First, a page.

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Boost your Super Bowl sales

Super Bowl entertaining goes way beyond tailgate parties. Chips and dips are still hits, but grocers need more to prove they've got game

Super Bowl viewing isn’t just jocks on the couch cramming their mouths with chips anymore.   These days, football fanatics celebrate the big game at parties alongside people whose only association with a “clothesline” is laundry. “It’s really turned into a social event more than a sports event,” says Laurie Jennings, vice-president of Masstown Market in Masstown, N.S. Super Bowl Sunday can’t be beat for combining sports and socializing, says Brian Findlay, NFL Canada spokesperson. “It’s a gathering point more than any other event in sport,” he says. More than four million people watch the Super Bowl in Canada each year, says Findlay.  That’s right up there with the Oscars.

Female interest in the NFL goes up by 37% during the Super Bowl.


But here’s the cool thing about the Super Bowl for grocers: since it’s not tethered to a holiday or gift giving, people can just sit back and enjoy the experience, watching the game and eating. “It’s all about having fun,” says Jim Bexis, general manager of Sun Valley Supermarket in Toronto. “It’s a nice, casual atmosphere.” He knows first-hand; a self-professed “footballcrazy guy” and Miami Dolphins supporter, Bexis even sets up a projector screen in his living room for his own Super Bowl fêtes.

For most consumers, eating is a huge part of game day. “  e football and the food are the centrepieces,” says Findlay. NFL Canada research shows Super Bowl time is among the highest grocery sale weeks in the year. Sounds like a prime opportunity to score some killer sales.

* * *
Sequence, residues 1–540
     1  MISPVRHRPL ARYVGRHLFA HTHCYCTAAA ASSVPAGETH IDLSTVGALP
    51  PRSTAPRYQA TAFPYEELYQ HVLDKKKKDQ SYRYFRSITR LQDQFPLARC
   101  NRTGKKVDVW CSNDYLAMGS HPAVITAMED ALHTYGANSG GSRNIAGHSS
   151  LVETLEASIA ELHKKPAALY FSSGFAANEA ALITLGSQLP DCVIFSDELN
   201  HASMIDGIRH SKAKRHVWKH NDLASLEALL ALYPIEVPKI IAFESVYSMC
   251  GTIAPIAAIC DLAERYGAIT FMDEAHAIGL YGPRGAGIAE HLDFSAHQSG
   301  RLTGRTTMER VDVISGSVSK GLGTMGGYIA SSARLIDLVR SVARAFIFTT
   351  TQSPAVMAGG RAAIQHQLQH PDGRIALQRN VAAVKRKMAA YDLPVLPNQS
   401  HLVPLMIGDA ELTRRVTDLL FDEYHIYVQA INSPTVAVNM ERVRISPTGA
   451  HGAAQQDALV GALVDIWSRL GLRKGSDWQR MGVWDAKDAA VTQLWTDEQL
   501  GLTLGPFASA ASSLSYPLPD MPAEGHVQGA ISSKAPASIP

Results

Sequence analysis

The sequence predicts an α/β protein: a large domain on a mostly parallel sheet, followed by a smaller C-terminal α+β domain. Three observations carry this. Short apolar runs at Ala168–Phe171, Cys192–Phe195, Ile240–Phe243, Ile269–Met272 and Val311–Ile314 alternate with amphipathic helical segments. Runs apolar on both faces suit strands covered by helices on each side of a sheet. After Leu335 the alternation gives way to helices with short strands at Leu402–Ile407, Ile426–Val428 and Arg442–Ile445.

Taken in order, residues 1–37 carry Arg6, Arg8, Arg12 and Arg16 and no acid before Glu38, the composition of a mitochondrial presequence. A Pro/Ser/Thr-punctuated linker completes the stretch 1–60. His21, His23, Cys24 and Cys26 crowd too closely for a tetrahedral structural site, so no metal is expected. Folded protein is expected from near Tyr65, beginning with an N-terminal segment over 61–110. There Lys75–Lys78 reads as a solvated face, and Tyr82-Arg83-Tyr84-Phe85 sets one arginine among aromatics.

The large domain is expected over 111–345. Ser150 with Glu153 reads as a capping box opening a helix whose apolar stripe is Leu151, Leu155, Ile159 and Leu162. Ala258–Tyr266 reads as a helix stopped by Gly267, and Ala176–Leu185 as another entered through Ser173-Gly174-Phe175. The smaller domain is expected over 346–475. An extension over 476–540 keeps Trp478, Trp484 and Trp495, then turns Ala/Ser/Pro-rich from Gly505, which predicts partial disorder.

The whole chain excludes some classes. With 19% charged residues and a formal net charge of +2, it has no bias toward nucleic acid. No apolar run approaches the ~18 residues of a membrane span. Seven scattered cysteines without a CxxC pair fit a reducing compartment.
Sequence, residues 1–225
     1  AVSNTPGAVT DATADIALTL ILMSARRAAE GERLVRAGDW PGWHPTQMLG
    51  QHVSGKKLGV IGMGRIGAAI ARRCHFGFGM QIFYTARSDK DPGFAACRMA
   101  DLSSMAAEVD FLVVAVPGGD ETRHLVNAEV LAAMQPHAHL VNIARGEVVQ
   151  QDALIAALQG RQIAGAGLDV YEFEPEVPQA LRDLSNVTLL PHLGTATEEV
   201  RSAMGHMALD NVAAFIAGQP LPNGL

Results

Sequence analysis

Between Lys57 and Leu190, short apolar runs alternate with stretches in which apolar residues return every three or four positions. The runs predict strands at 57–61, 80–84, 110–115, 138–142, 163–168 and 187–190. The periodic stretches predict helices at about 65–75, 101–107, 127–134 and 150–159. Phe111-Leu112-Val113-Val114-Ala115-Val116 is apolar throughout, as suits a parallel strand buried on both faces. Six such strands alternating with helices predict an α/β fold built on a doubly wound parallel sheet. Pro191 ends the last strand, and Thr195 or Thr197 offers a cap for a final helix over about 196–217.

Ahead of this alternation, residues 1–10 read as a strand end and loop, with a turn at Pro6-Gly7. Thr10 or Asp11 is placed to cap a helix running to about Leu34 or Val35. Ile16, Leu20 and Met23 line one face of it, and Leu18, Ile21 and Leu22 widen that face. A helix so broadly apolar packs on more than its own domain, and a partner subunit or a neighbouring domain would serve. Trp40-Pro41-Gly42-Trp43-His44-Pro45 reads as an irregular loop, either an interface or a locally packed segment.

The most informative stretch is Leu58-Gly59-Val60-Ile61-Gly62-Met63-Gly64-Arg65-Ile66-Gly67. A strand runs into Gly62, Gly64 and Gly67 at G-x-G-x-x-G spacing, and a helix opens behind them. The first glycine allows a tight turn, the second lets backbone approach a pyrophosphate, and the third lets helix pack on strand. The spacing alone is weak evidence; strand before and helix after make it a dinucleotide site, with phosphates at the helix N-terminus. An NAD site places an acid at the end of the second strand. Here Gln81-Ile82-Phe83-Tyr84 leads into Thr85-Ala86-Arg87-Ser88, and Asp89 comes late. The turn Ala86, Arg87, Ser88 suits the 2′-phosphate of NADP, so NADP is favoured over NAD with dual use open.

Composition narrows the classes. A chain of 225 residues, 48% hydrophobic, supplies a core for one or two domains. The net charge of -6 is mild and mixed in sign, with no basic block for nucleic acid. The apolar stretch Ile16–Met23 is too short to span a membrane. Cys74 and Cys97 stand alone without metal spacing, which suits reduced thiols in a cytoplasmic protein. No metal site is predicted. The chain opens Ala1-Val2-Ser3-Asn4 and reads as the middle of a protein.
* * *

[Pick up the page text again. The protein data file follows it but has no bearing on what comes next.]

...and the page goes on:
Super staples

“My chip section is wiped Super Bowl Sunday,” says Bexis. Like a lot of grocers, he finds the other traditional offerings consumers serve guests at their parties–such as salsa, dip, pop and chicken wings–also sell well around this time.

Bexis’s experience is backed by NPD Group’s tracking of the snacks Canadians eat on Super Bowl Sunday. Big winners in the snack category on this day are salsa and dips, says Joel Gregoire, industry analyst at NPD Group. So it’s a great opportunity for salty snack manufacturers to capitalize on the sales of their dips as people look to have friends over to watch the big game. “As a share of snack-type foods, Canadians are more than twice as likely to eat a dip when watching the Super Bowl versus the entire year,” says Gregoire. He believes dips go hand-in-hand with the whole idea of entertaining. “You want to offer an enjoyable, if not premium, experience to your guests. And dip is that little bit extra that makes the party that much better.”

BE BOLD…AND SPICY

Thanks to the influence of Asian cuisine, consumers are seeking flavours that are anything but bland these days. Keeping on trend, Orville Redenbacher’s introduced a Spicy Nacho flavour to its popcorn line in June.